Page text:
by Circles Robinson
HAVANA TIMES, Dec 27 — When 2011 comes to an end this week, US-AID “sub-contractor” (agent) Alan Gross will spend his third consecutive New Years in a Cuban prison for his role in Washington’s program to promote regime change in Cuba.
Cuban president Raul Castro announced on Friday the release of over 2,900 mostly common criminals as an end-of-the-year gesture of clemency by his government.
Gross, who is serving a 15-year sentence for smuggling illegal communications equipment into Cuba, was not among those receiving the good news.
The US State Department maintains that Gross was doing no wrong in sneaking in illegal satellite communications equipment into Cuba and that he should be pardoned for humanitarian reasons.
Gross, 62, was admittedly working for Development Alternatives Inc., which has benefitted from several multi-million dollar government contracts from US-AID in hot spots like Afghanistan and Iraq.
The U.S. State Department said it was disappointed with the exclusion of Gross from the list of pardoned prisoners. “We are deeply disappointed and deplore the fact that the Cuban government has decided not to take this opportunity to extend this humanitarian release to Mr. Gross this holiday season, especially in light of his deteriorating health, and to put an end to the Gross family’s long plight,” State Department spokesman Mark Toner said Saturday, reported JTA.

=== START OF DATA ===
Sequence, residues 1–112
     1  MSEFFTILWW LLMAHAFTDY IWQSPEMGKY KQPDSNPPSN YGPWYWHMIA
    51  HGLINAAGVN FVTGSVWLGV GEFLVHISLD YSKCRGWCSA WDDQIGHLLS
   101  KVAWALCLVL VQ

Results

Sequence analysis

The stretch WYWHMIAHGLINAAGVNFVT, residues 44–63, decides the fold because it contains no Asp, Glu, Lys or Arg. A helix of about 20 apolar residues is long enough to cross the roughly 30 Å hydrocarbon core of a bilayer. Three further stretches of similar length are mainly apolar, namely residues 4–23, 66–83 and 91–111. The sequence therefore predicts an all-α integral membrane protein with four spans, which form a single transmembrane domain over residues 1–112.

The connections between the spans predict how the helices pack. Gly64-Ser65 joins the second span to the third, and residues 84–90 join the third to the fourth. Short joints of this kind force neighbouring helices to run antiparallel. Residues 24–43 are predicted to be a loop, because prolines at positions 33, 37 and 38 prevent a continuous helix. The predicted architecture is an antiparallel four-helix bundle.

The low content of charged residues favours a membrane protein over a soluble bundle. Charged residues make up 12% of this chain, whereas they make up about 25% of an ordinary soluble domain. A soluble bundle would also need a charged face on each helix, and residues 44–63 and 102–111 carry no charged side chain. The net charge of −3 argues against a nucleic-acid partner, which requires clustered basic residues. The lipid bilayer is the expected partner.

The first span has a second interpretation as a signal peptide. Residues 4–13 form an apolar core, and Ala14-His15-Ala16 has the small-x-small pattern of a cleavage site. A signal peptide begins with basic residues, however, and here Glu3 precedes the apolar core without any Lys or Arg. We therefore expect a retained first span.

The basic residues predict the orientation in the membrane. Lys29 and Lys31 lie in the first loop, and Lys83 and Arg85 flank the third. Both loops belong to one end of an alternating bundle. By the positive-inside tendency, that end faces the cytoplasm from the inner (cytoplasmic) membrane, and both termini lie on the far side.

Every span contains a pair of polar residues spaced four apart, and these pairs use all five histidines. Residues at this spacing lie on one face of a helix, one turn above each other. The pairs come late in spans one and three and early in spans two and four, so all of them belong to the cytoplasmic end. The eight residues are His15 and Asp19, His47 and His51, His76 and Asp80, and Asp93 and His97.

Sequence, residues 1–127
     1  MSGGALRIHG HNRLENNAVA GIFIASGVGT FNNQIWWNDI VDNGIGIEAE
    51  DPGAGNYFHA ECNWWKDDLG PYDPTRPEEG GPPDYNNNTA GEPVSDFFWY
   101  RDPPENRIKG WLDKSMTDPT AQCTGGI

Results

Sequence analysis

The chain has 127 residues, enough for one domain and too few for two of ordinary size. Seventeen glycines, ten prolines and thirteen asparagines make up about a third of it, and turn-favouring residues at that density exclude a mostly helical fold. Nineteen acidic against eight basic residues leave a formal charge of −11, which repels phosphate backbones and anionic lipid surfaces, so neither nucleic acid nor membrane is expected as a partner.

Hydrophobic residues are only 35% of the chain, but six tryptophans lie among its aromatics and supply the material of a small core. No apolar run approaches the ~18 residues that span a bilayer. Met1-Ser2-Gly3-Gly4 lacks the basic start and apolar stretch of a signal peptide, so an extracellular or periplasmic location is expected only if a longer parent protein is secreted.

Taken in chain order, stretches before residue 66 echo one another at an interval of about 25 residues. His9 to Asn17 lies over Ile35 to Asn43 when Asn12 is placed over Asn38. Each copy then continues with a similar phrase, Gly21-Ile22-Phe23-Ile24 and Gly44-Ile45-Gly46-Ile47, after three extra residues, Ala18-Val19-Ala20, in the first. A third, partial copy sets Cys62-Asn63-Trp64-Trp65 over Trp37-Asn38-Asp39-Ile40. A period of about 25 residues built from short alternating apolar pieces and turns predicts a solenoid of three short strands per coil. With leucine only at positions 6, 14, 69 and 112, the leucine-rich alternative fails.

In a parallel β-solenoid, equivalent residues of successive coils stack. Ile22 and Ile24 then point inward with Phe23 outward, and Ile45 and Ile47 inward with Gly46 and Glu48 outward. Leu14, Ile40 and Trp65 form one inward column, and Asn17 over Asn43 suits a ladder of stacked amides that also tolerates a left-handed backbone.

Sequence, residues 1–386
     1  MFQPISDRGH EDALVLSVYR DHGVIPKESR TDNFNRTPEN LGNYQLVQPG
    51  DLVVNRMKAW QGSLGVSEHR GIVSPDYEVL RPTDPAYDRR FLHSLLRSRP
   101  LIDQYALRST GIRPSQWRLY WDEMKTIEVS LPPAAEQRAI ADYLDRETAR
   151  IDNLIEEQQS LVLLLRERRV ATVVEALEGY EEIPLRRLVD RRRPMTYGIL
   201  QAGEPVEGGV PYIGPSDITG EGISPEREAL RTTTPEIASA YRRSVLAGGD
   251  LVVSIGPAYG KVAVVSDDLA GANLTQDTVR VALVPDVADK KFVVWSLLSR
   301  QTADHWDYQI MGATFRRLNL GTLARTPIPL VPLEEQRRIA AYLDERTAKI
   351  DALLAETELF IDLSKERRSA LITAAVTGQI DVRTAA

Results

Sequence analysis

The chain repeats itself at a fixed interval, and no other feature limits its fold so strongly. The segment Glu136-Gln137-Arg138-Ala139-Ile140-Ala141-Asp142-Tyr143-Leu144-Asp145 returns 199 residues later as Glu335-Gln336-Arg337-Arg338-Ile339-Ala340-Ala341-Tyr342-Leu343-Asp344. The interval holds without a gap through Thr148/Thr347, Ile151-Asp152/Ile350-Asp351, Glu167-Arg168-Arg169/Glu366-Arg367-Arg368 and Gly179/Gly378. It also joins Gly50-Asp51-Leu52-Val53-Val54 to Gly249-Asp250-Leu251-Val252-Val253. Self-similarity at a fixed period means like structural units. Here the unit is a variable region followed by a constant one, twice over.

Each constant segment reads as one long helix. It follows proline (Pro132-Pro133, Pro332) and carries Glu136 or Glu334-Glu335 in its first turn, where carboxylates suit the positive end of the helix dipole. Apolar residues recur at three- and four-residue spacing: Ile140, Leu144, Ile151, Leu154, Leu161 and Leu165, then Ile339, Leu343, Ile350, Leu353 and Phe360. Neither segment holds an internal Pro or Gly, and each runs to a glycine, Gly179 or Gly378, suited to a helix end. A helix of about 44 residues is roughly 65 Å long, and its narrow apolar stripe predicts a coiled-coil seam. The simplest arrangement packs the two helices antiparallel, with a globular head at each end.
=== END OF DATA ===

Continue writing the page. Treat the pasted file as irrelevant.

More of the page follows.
To date, the only slim hope mentioned for Gross to return to his Maryland home in the foreseeable future appears to be a difficult negotiation involving the Cuban Five.
The members of this group of Cuban government agents have served over 13 years in US prisons for having worked for their government to infiltrate Miami-based Cuban-American exile organizations with a history of terrorist attacks against Cuba and its interests abroad. (One, Rene Gonzalez, was released last October on parole but is being prohibited from returning to his wife and family in Cuba for three more years.)
The Cuban government maintains that the Cuban Five — convicted of conspiracy to commit espionage and other crimes — were only monitoring the terrorist groups that have operated for decades with the US government’s consent and were not spying on any US military installations.